Conversations with Experienced Backbone Leaders: Project U-Turn


This is the second in our conversation series with experienced backbone leaders. (see this blog post describing the series.)

In this conversation, we spoke with Chekemma Fulmore-Townsend, President and CEO of the Philadelphia Youth Network (PYN). PYN serves as the backbone organization for Project U-Turn, which aims to galvanize collective commitment and action to address Philadelphia’s dropout crisis. Project U-Turn has contributed to impressive results over time, such as a 14% increase in high school graduation rates since 2002 (source: Project U-Turn website). They have also helped more than 9,800 youth reconnect to education and/or employment pathways, and leveraged and/or realigned $230M in public and private funding to support dropout prevention and re-engagement services.

If you have questions for Chekemma, please pose them in the comment box below, and she will do her best to respond. Thanks, and enjoy!

Highlights from my conversation with Chekemma:

  • Project U-Turn has seen an increase in overall graduation rates of 14% since 2002, but Chekemma remains focused on closing gaps across race and ethnicity, and with system-involved youth
  • Chekemma offered a simple way to think about how Project U-Turn creates change: understand and unite around the problem, agree upon a shared goal and a way to measure it, reimagine new and existing investments
  • As Project U-Turn’s scope broadened, they included more and more diverse stakeholders to address different parts of the dropout crisis
  • Project U-Turn has released some influential reports, and are very intentional about involving system leaders and youth to vet the reports’ data before publication
  • Project U-Turn’s sustainability will depend on a) champions in the community stepping up to fill leadership transitions, and b) “strong collateral and data,” which can be a source of continuity in the face of transitions
  • Equity has always been part of the Project U-Turn conversation, but the national conversation around equity gives Project U-Turn and its partners permission to discuss it more directly than before.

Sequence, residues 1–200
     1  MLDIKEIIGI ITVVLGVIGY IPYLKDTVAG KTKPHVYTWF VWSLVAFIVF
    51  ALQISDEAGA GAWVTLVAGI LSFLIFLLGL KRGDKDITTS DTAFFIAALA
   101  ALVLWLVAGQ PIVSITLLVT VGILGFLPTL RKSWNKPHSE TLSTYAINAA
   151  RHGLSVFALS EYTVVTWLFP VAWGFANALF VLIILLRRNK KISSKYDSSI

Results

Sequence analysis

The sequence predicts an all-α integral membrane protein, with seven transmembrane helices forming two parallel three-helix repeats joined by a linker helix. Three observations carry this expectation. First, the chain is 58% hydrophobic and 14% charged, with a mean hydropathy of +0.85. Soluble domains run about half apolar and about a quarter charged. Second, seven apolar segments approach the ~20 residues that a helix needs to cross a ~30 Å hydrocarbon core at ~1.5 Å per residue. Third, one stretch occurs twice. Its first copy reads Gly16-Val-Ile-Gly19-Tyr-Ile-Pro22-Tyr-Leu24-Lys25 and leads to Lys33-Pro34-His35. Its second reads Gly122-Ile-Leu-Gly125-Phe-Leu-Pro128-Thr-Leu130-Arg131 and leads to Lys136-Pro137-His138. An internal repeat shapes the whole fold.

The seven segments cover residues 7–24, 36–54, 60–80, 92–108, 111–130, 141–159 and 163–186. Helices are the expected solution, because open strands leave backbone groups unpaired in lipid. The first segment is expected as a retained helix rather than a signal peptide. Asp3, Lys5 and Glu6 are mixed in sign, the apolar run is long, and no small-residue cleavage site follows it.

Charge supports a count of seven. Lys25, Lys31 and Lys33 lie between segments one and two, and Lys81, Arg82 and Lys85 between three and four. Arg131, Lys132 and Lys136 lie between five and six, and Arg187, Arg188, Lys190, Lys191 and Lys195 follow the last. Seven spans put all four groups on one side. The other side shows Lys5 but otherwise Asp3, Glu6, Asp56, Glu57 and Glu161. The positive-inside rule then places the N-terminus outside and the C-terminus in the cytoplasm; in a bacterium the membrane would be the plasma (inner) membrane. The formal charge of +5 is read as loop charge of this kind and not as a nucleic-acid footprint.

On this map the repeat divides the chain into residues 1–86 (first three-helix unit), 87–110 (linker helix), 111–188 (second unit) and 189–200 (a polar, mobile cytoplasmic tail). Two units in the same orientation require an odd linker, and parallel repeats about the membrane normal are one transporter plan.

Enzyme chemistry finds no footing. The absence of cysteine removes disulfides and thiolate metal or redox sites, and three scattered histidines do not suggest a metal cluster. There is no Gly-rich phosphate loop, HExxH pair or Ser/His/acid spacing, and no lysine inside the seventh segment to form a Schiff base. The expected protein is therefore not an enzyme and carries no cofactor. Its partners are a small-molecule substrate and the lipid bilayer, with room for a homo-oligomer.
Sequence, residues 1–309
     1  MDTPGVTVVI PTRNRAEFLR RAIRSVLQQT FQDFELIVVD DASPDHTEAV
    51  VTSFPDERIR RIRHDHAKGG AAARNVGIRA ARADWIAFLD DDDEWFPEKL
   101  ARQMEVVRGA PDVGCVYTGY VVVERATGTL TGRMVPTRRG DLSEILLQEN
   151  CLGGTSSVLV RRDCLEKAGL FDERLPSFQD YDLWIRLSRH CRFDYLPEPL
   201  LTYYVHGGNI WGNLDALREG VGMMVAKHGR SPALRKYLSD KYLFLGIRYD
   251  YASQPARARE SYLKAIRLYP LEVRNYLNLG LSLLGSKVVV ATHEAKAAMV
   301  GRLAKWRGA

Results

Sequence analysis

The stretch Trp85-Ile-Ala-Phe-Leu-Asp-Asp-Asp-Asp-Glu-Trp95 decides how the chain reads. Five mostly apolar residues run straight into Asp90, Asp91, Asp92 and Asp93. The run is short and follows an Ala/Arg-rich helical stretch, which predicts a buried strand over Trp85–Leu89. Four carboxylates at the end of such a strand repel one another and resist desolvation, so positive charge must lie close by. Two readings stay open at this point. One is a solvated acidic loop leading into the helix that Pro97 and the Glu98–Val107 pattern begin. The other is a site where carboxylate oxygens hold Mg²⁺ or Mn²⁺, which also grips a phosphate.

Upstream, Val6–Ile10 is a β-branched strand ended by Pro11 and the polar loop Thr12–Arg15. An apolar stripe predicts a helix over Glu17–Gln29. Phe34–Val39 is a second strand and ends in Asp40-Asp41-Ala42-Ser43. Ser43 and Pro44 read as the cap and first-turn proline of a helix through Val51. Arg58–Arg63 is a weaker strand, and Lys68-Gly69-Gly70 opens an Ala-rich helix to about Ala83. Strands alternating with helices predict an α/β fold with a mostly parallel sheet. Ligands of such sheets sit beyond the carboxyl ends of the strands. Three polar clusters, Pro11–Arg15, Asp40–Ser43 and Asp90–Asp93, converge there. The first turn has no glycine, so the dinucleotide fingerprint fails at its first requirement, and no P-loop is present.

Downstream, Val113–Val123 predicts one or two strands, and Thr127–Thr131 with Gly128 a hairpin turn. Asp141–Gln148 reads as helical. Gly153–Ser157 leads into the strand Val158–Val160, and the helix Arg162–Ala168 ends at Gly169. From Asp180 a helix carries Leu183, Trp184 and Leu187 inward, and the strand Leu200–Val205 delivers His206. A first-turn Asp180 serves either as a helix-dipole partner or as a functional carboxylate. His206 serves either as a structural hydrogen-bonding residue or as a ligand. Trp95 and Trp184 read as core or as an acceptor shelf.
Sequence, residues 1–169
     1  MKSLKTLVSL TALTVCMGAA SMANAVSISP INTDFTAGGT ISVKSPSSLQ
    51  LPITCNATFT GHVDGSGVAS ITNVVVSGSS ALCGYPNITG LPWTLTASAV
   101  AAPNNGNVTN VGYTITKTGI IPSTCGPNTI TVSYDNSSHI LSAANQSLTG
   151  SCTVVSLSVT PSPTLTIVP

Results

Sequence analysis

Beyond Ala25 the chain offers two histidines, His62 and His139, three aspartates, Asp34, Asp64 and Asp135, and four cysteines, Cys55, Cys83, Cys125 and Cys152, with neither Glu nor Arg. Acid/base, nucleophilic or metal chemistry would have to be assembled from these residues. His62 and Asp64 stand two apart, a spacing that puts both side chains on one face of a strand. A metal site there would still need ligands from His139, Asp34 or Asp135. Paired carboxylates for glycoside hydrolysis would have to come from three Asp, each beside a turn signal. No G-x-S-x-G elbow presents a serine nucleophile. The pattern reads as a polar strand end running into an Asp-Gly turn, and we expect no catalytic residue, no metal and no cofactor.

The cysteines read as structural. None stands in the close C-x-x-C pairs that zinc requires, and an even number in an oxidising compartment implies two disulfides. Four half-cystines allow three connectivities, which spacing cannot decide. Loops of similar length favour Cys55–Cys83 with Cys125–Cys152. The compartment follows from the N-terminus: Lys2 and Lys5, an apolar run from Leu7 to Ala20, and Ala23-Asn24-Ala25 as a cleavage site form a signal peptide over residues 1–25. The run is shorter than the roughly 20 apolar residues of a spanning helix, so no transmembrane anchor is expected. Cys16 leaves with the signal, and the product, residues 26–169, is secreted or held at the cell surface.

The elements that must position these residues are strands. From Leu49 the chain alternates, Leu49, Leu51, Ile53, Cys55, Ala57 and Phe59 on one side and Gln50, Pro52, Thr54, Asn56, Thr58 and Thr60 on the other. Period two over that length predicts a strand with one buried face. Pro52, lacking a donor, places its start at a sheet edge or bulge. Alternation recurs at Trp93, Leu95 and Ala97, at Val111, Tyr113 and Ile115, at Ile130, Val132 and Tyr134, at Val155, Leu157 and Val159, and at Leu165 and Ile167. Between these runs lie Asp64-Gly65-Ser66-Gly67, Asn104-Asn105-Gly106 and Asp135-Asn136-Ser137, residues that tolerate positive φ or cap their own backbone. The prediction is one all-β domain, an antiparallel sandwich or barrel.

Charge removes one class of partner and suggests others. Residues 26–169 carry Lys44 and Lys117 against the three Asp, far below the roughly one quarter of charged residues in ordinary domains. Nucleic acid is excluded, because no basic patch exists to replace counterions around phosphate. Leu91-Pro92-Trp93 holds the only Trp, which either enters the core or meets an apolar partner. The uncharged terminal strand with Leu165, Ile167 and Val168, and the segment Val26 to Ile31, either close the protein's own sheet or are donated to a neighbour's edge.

David: What are you most excited about today regarding Project U-Turn?

Chekemma: Quite a few things! We recently released the report A Promise Worth Keeping: Advancing the High School Graduation Rate in Philadelphia, which looks at the effects of our prevention and intervention efforts over the last 4 years. The report shows we’re making gains supporting youth with foster care and juvenile justice systems with graduation rates increasing 16 and 20 percentage points respectively for the two groups.

I’m also excited about our continuing efforts to increase high school graduation rates. Graduation rates have increased significantly since Project U-Turn began, going from 52% to 65%. However, while rates are increasing for African American and Hispanic males and those in the juvenile justice and child welfare systems (some with double digit increases), they still lag behind peers. I’m excited to see progress, but it’s energizing to see how much more work we have to do.

You’ve had some very positive impact. In general, how did that change come about?

First, we had to understand and unite around the dropout crisis: what the challenge was, who was affected, and how we can work together differently. Once we had that understanding, we wanted organizations to take that microscope back to their own systems and get clear on how they’re contributing to the solutions or the problems. Importantly, we agreed not to blame each other.

Second, we needed a shared goal. We knew that we wanted to measure graduation rates, but there were still some dissonance about how to calculate it (e.g. 4-year vs. 6-year graduation rates). Having an agreed-upon graduation rate as our north star was important.

Third, we looked at how to reimagine investments. We knew that new investment wouldn’t solve the problem, so we also tried to reimagine how existing dollars could be invested.

Can you give me an example of reimagining existing investments?